Wednesday, 16 April 2008

Do and Don't at Thai Temples

Thailand’s national religion is Buddhism (although there are significant numbers of Catholics, Muslims and a minority group of Christians) and it is very important to be respectful as far as the religion is concerned.
Always dress ‘politely’ when entering a temple or religious shrine. As you are on holiday in a tropical country, your perspective of polite dress might be coloured by the situation you are in. However, shorts, bikinis, tops that show your bare arms, very short skirts that show your legs, open-toed sandals and generally dirty or unkempt attire is considered inappropriate.
In some of the larger temples like Wat Prakeaw (The Grand Palace) guards will actually forbid you from entering if you are dressed inappropriately, and you may have to hire sarongs and strips of material to cover yourself up before being permitted to enter. However, at the smaller temples you are own your own.

It is VERY easy to do the right thing but if you think it’s hard….Just DON’T visit Thai Temples!

Buddha Images

Buddha images are sacred, whatever size or condition. Never climb on a Buddha image, and be very careful about taking photos – some images are so sacred photographs are forbidden. Abide by this rule or you may even be asked to leave. If you can’t cross your legs, don’t sit on the floor in front of temple’s Buddha image – in doing so you will point your feet at the Buddha which is an act of sacrilege.


Buddhist monks are not allowed to touch or be touched by a woman or accept anything a woman might offer. If a woman wants to give something to a monk it must first be given to a man, or put on a piece of cloth. The monk will then drag the cloth to him before picking the item up. Likewise a monk will not shake a man’s hand – that type of contact is forbidden. Monks travel on public transport and require the same respect there as they would receive at the temple. If a bus or train, etc. is crowded and a monk is likely to come into contact with people, do not hesitate to give the monk your seat. Often special seats are allocated for monks only – don’t sit in them!
And, if you visit a temple and would love to take picture of monks, especiall while they are prayers or on the ceremony... Better not use flashight!


Do not wear shoes inside a temple where Buddha images are kept.

Tuesday, 1 April 2008

The River Of King

Rivers and canals referred to "แม่น้ำ Mae-nam" and " คลอง Khlong" in Thai have always been vital forms of communication. When the capital of Thailand was moved to Bangkok or "กรุงเทพ Krung-thep" (it means the City Of Angel) in 1782 (the beginning of the Rattanakosin period), the capital was laced with canals, so Bangkok was sometimes called the "VENICE OF THE EAST" by European visitors. In the past, Bangkokians usually settled by the Chao Phraya River and gradually spread into the core of the country. As you will see traces of the Early Rattanakosin period such as architecture and traditional ways of life have been left by the river more than in the inland areas. Besides, waterways at that time were the most important means of transportation and trading as well. Nowadays, even though Bangkok has become a modern city, the Chao Phraya River as well as the canals is still charming for whoever wishes to seek the peaceful atmosphere amidst bustling Bangkok.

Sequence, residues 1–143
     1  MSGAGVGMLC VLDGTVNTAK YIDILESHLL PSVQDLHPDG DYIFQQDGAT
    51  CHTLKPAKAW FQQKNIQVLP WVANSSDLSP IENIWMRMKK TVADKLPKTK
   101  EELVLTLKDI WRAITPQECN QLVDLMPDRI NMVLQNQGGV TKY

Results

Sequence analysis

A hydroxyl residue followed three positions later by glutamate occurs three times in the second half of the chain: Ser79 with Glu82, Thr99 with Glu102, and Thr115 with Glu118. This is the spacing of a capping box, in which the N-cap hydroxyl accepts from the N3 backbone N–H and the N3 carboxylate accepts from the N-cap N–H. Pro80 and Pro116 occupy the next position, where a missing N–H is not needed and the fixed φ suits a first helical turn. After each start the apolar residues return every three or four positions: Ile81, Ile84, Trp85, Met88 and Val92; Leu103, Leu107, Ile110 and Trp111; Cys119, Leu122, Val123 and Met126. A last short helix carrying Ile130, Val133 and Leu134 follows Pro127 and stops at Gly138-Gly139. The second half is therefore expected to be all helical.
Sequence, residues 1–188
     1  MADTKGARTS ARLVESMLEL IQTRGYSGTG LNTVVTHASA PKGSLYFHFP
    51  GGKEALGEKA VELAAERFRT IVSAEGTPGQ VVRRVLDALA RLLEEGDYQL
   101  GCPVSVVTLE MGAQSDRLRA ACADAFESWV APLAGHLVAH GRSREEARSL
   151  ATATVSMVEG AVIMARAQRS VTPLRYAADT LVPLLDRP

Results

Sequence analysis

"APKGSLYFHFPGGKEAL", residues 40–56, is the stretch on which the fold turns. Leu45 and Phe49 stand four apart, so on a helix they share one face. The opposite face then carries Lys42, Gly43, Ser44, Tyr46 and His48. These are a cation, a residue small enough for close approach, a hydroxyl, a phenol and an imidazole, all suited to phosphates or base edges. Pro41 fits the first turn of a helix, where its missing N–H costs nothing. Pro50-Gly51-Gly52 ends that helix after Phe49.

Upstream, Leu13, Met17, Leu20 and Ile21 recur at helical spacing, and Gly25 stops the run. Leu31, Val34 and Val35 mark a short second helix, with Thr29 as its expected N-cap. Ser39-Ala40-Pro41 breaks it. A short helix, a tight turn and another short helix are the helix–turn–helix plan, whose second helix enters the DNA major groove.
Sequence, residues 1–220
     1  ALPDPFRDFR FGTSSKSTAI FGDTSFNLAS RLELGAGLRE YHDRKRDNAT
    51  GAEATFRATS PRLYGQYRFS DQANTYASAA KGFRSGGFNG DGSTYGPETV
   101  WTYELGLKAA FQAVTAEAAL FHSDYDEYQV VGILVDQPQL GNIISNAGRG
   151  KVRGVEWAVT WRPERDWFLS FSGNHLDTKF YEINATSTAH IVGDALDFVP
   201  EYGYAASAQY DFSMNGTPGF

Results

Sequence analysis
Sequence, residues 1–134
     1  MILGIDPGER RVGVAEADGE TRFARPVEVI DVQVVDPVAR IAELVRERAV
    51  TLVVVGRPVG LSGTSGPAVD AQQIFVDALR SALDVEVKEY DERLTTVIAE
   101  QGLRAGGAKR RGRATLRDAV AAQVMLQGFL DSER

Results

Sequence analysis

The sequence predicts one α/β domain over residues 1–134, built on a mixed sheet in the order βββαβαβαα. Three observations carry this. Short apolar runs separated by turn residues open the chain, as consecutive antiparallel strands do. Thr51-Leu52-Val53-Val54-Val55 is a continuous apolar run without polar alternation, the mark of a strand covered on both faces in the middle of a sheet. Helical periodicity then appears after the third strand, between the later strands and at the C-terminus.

The Chao Phraya River or the River Of King is called in Thai as "แม่น้ำเจ้าพระยา Mae-nam Chao-Phraya" is 375 km long, and flows from Nakonsawan Province to the Gulf of Thailand in Samut Prakarn Province. It has been the life-blood of Thailand centuries ago. The river basin is about 19,390 km2. The population living in the basin is approximately 8 million. The depth of the river ranges from 5 to 20 m and the width ranges from 200 to 1,200 m. The water temperature is a constant 32°C throughout the year. The river traverses several large cities and the major agricultural region of the country.

More than 500 years ago the Chao Phraya River was traveled by European, Japanese and Chinese traders plying the route to the glorious city of Ayuthaya, the ancient capital of Siam. This historically rich waterway has always been considered the lifeblood of Thailand’s central plain provinces; providing food, water, a source of power and an important transportation channel. Today, the river snakes through the modern city of Bangkok with her luxury river front hotels and futuristic suspended bridges inter-mixed with ancient temples, churches and palaces in classical Thai, Chinese and European architectural styles. North-bound from Bangkok to Ayuthaya and beyond, the scenery have changed very little to what the ancient mariners saw as they sailed up this great river in this exotic land.

The Chao Phraya River

The Chao Phraya River

the Chao Phraya River, Nonthaburi province